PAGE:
We’re happy to announce that most of the gaming we’re planning for NecronomiCon Providence 2015 will take place in far more spacious and comfortable accommodations at the Omni Hotel … For those of you who wish to run a game at Necronomicon whether it is a table top RPG, LARP, or board/card game please download and submit this information form … Also any suggestions or recommendations for games you wish to see at Necronomicon feel free to email us with the subject GAME IDEAS”
If H.P. Lovecraft had taken his youthful crusade against astrology one step further, and monster-ified the Zodiac in his stories…
With the news that Amazon is to effectively become a movie studio and release 10 or more movies a year, here are the Lovecraft movies I’d like to see…
1. A faithful “The Shadow over Innsmouth” feature film done in 1940s film noir style and setting.
2. A beautiful closely-observed steampunk/psychedelic/bromance art-house film of “Hypnos”, with just voiceovers.
3. A big psychological thriller of “The Temple”. The movie The Boat, basically, but First World War and done as a horror/fantasy movie. Maybe intertwined with an ancient Greece flashback back-story about the beautiful boy (borrow from “Iranon” and “The Tree”?), for occasional respite from the grim submarine interior.
4. “The Rats in the Walls” filmed and monster-designed by del Toro, from storyboards by Tim Burton and a script by Neil Gaiman.
5. “The Terrible Old Man” and “The Strange High House in the Mist” spliced together and filmed as a laconic Tarkovsky’s Stalker-meets-Visconti-meets-A Field in England-meets-Picnic At Hanging Rock landscape art-house movie, in which first the young thieves and later the professor struggle to journey across the overgrown lanes and bare headlands toward the strange high house, having started in a sunny Death in Venice-like Edwardian New England seaside resort.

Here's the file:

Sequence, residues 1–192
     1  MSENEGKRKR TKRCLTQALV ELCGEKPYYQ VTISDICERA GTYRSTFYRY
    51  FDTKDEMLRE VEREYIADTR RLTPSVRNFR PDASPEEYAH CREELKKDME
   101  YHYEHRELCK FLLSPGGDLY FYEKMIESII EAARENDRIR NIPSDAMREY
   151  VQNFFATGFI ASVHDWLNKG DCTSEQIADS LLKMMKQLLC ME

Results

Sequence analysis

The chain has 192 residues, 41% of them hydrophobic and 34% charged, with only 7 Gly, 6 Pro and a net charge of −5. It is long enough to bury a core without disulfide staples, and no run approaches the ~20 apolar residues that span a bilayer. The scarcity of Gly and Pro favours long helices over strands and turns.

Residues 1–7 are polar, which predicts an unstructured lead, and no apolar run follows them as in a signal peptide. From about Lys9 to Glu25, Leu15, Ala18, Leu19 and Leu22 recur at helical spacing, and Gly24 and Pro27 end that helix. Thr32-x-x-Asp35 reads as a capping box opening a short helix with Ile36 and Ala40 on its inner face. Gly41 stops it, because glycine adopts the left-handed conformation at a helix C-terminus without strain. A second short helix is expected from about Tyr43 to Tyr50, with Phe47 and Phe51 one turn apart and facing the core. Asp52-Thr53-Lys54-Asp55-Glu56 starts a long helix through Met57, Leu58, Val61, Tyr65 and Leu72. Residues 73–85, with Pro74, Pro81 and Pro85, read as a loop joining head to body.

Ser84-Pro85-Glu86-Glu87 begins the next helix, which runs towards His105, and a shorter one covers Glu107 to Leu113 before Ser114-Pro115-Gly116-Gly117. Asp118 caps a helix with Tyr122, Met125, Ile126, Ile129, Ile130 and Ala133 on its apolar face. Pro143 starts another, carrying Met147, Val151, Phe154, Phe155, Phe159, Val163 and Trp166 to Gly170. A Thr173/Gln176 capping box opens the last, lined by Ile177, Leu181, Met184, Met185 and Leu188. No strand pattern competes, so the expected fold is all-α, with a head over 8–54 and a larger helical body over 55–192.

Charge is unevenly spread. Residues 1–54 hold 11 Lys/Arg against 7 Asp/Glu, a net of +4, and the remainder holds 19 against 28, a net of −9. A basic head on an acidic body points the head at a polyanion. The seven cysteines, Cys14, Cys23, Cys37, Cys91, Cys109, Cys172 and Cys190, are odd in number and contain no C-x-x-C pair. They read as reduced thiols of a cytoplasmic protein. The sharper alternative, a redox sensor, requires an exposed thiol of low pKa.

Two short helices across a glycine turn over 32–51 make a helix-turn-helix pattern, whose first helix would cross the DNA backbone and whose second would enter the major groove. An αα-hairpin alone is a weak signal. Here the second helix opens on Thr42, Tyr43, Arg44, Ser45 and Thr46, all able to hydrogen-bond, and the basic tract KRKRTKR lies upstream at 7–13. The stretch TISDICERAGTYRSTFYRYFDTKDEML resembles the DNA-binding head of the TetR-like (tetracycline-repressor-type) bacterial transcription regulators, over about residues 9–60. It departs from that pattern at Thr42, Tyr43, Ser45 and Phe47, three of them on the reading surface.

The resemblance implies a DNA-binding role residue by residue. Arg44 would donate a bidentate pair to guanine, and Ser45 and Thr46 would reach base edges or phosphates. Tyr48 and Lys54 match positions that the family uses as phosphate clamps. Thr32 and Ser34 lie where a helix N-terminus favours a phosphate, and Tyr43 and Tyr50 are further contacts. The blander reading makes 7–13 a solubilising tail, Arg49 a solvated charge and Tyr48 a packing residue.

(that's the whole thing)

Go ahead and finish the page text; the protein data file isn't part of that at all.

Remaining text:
6. “The Lurking Fear” but set in the wild 17th century Catskill Mountains, as a dark fantasy origin tale for a Solomon Kane -like figure, perhaps made even more spicy with borrowings of scenes from R.E. Howard.
7. “The Horror at Red Hook” spliced with “Pickman’s Model”, in a vivid 1920s New York setting.
8. “The Dream-Quest of Unknown Kadath” as a faithful animated feature adaptation.
9. A dreamy shadowy “The Haunter of the Dark” spliced with “The Evil Clergyman” (mysterious figures are the psychic residue of the Starry Wisdom) and (for less predictability) the ‘angles’ elements from “The Dreams in the Witch House” (angles were being researched and probed by the Starry Wisdom?). Might have an “Erich Zann” sub-plot or opening section?
10. Lovecraft’s life story, a bio-pic.
io9 has a new ‘not safe for work’ article in “The Long Tentacle of H.P. Lovecraft in Manga”, a breathless scamper through Lovecraft’s reception and use in Japanese manga comics. Though supposedly about manga the article is unable to resist slithering in a mention of a genre of interactive, erm… “romance system tentacle battle” games and the existence of “porn anime” animated movies with titles such as Mystery of the Necronomicon. Generally the reader gets the impression that Lovecraft in Japan looks like this…
Yes, apparently Nyarko W is one of the top Lovecraft inspired series. Which, in terms of sheer chutzpah in using Lovecraft’s name and characters, rather overshadows the West’s recent wave of feeble ‘Kickstarter cash-ins’.
Though the article does have a more interesting mention of…
Innsmouth wo ô Kage [Insmus wo Oou Kage, 1992], Chiaki Konaka’s 1990s TV adaptation of “The Shadow over Innsmouth” transplanted to the foggy byways of rural Japan”
Sounds good, but looking at it on the YouTube link (above) it just seems very ‘TV movie flat’, cheesy, and distinctly lacking in mist and shadow. Maybe I skipped past too much.